Film Fun Folio #13: Franka Solida and Fuji Velvia 100F

Periodically, I'll be posting scans of some complete rolls of film on here, showing both the good and the bad, and giving some basic information as well a little write up of the shoot as well as the reasons why I selected each camera and film.  Enjoy the trip! 

Feature #13:
Camera: ca. 1951 Unbadged Franka Solida with Schneider 75mm f/2.9 lens.
Film: Fuji Velvia 100F
Locale: Central Maryland.

Working with this camera is like being in a bad relationship that you keep going back to.  It's arduous, grating, and often results in disaster, but you work within the perilous confines of its many laborious rules, it can deliver some great results.  I'd almost given up on this camera, as its shutter sticks like crazy, and seemed to be out completely, when after some tinkering, it began to work once again.  Thing is, once you get out there and try to shoot it, it is back to its old tricks.  I finally worked around this by bringing a spare lens cap to cover the lens and coercing the shutter to fire a few times before uncovering it for the actual photo. This usually worked, and the results are below. 

1 - Columbia, MD - f/2.9, 1/200 - At the same time I was undergoing my trials with the troublesome Praktica FX3, I took this shot on the Franka.  The sad thing is that it looks little different from the washed out shots on the 35mm camera.  Now I know I took a hasty exposure reading given this result. 

2 - Washington, DC - f/11, 1/200.  Now this exposure is more like it.  Trying to have precision alignment of the image on a small viewfinder camera like the Franka is a bit tough, and I was aiming for a more centered alignment, but this image at least proved the Franka was still very much a working camera.

3 - Fulton, MD - f/11, 1/200 - Even using its fastest speed, the need to constantly prime the shutter proved to be tiring, and I seem to recall nearly giving up and then this happening as I was moving the camera.  The result is unintended blur.  Damn.

4 - Ellicott City, MD - f/8, 1/200 - Likely just as frustrating, but I patiently stayed the course to record a summer version of one of my favorite scenes in the area.  It really works well in the square format.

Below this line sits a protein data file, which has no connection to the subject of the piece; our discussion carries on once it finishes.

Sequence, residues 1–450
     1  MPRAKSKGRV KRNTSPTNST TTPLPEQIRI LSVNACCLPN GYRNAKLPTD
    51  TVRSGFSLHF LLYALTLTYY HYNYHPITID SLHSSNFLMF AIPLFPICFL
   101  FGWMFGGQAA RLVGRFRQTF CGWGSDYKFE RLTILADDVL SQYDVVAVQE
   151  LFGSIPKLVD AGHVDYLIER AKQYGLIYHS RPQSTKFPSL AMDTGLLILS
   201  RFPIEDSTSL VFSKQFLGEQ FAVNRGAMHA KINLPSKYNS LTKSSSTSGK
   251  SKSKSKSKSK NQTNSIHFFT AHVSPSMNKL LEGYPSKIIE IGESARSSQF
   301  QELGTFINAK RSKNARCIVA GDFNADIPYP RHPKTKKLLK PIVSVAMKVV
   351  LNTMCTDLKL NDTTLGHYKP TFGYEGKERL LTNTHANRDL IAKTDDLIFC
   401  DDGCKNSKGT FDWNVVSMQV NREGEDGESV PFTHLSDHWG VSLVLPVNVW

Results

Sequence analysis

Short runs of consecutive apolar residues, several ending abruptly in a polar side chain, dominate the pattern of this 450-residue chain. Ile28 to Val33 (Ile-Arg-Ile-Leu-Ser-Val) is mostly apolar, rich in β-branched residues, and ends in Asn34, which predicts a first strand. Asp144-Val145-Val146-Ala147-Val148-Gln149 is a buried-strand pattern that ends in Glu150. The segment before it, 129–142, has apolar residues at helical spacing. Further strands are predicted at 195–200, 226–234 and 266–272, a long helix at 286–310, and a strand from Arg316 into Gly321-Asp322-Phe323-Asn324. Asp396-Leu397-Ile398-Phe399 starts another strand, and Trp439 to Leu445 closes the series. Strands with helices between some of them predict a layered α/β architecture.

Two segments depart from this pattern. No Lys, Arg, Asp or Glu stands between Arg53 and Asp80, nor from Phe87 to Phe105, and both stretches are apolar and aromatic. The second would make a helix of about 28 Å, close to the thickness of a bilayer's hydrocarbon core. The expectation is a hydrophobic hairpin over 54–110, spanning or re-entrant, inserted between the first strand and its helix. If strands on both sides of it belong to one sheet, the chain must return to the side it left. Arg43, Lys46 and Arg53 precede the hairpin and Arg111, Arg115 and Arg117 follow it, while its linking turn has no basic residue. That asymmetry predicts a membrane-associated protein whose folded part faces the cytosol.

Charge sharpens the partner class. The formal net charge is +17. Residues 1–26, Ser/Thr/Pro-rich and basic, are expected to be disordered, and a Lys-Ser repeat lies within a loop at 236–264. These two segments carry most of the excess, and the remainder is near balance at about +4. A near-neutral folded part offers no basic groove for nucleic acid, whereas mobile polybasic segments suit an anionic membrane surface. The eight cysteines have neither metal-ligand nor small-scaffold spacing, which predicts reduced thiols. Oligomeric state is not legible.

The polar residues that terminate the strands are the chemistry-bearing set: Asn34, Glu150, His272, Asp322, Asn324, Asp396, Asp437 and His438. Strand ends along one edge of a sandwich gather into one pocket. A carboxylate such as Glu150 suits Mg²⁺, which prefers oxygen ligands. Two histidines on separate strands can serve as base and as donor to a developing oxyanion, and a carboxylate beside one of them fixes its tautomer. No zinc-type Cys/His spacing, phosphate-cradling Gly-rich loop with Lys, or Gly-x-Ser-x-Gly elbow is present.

5 - Highland, MD - f/11, 1/200 - Underexposed, but not horrendously so.  Decent amount of near symmetry.

6 - ???? - f/2.9, 1/50 - No idea where I was or what went wrong.

7 - Jefferson, MD - f/11, 1/200 - Labor Day rambling in Frederick County Maryland allowed me to explore some new scenes in the hilly countryside, and the Franka did an admirable job, in spite of its headaches, in recording the scenes with great color and sharpness.

8 - Jefferson, MD - f/11, 1/200 - Another image that really came out well, from around the same location as the last.

9 - Jefferson, MD - f/11, 1/200 - The signs of late summer are evident in the yellowing of the crops in the foreground, while the mountains in the distance provide a pleasant backdrop to the farm.

10 - Jefferson, MD - f/11, 1/200 - One of Frederick County's many truss bridges is captured in this scene.  I am really fond of how the Velvia 100F portrays the green tones.  

11 - Jefferson, MD - f/11, 1/200 - The color palette to me in this one is very reminiscent of early Kodachrome.  I don't know that I've seen a result from any other E6 film that quite looks this much like the 1940's era product.

12 - Jefferson, MD - f/11, 1/200 - The main area of Jefferson is quiet on this sunny holiday.  I wish I'd have composed without the cars at right.

The second half of the roll in particular, taken on Labor Day, were among the most encouraging of the batch, and gave me a particular appreciation not only for the Franka, but for the often maligned Velvia 100F film stock.  In fact, some of the color renderings very strongly resemble old Kodachrome stock to me.  As a result, I have secured several more rolls of this since discontinued film that I will be putting to use and featuring on here in the not too distant future!  I've also attempted another roll through this tough to use folder, as it seems I just can not walk away from it, in spite of its headaches.